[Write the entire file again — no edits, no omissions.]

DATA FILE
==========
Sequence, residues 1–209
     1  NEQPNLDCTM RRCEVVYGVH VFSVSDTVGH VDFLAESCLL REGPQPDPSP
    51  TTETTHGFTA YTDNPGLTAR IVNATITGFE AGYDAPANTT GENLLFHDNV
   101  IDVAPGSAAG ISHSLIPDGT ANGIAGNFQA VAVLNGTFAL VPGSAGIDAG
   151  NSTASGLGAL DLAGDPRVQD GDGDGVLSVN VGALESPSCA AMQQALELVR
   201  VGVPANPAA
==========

Sequence, residues 1–209
     1  NEQPNLDCTM RRCEVVYGVH VFSVSDTVGH VDFLAESCLL REGPQPDPSP
    51  TTETTHGFTA YTDNPGLTAR IVNATITGFE AGYDAPANTT GENLLFHDNV
   101  IDVAPGSAAG ISHSLIPDGT ANGIAGNFQA VAVLNGTFAL VPGSAGIDAG
   151  NSTASGLGAL DLAGDPRVQD GDGDGVLSVN VGALESPSCA AMQQALELVR
   201  VGVPANPAA